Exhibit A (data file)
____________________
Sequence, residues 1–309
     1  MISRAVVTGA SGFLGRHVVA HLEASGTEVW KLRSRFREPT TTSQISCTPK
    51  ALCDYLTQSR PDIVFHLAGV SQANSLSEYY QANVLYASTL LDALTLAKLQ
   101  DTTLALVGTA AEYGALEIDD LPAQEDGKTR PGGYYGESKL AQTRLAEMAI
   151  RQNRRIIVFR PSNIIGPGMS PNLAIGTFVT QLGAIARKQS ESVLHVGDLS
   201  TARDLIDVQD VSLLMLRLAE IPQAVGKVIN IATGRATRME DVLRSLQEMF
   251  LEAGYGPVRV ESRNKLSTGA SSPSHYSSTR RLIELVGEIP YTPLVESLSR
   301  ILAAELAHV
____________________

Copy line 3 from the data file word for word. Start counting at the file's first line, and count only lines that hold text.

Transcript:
    51  ALCDYLTQSR PDIVFHLAGV SQANSLSEYY QANVLYASTL LDALTLAKLQ